Tag: insomnia symptoms

Web-based cognitive behavioral therapy for insomnia improves sleep & mood

Early Treatment of Insomnia May Improve Mental Health

Insomnia and mental health problems go hand in hand. It’s firmly established now that insomnia can be a causal factor in depression and that treatment for insomnia can improve both sleep and mood.

A new study shows that insomnia may also be a causal factor in psychotic experiences such as paranoia and hallucinations, and that CBT for insomnia (CBT-I) may lead to better mental health. Here’s a quick look at the research and what it suggests for us.

Paradoxical insomnia may respond to treatment with CBT & therapies lowering arousal

Paradoxical Insomnia: A Second Look at Treatments

Paradoxical insomnia: a diagnosis given to people whose sleep studies show they sleep a normal amount but who perceive they sleep much, much less. When I wrote about it in 2015, the word was that cognitive behavioral therapy (CBT)—the gold standard in treatments for insomnia—might not be an effective treatment for it.

But a brief testimonial that recently appeared in American Family Physician argues otherwise. Here’s an update on this puzzling sleep disorder.

Lifelong insomnia can be treated by sleep specialist or therapist

Lifelong Insomnia? Don’t Give Up on It Yet

Have you had insomnia all your life? Have your parents said you were a poor sleeper even as a baby?

Trouble sleeping that starts early in life is called idiopathic insomnia. If insomnia is still the black box of sleep disorders, then idiopathic insomnia is the little black box inside the black box.

Here’s what is known about the disorder and options for management.

Tai chi may improve sleep for insomnia sufferers with other health problems

Tai Chi When Insomnia Isn’t the Only Problem

Insomnia combined with other health problems is bound to cause distress.

But help is at hand. New research shows that tai chi reduced insomnia symptoms in breast cancer survivors, suggesting that it may help with insomnia linked to other health problems, too.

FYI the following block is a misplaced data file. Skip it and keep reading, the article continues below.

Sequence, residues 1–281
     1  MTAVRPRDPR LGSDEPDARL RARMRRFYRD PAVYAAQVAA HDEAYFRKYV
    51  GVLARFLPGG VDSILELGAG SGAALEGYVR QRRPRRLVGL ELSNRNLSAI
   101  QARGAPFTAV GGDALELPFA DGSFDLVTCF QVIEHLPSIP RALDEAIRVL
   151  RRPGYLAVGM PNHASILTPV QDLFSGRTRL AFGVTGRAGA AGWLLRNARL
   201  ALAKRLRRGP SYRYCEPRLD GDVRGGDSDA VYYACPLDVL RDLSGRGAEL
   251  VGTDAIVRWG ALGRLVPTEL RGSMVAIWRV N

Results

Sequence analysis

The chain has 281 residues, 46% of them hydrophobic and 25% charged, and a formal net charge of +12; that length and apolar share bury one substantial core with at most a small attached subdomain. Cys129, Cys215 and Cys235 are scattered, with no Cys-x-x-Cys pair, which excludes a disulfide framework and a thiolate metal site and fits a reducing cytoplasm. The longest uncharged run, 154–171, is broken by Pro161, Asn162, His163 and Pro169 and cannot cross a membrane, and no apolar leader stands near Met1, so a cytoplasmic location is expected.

Insomnia may be characterized by reduced GABA and increased glutamate activity at bedtime

Insomnia: Are GABA and Glutamate Involved?

Sleep is regulated by the brain. So it makes sense to look inside the brain to find out what might be hampering insomniacs’ ability to fall and stay asleep. Is there some substance under- or overrepresented in our brains? Something that keeps us conscious when our brains should be turned off?

A study published in PLoS One last month suggests a role for two important neurotransmitters, gamma-aminobutyric acid (GABA) and glutamate. Here’s a bit of background and what the new research tells us about the neurobiology of insomnia.

vulnerability to insomnia depends on several things

What Makes You Vulnerable to Insomnia?

The causes of insomnia are still unknown, but many factors can make people more and less vulnerable to it.

A prospective study of Norwegian nurses offers new evidence of several factors, some well known and others that have gotten less attention in the past.

Daytime affects of insomnia can be reduced by stretching and other activities

Insomnia: Holding Steady the Next Day

Will there ever be a morning-after pill prescribed for insomnia? Wouldn’t that be nice. Insomnia wouldn’t be half as bad if it weren’t so debilitating the next day. No fatigue to contend with, no brain fog, no low mood. White nights could even be enjoyable if we knew in the morning that we could resort to Plan B.

For now there’s no simple way to avoid insomnia symptoms that occur in the daytime. But there are ways to minimize their impact, whether the bad nights come often or just once in a while. Here are 6 habits I find useful and maybe you will, too.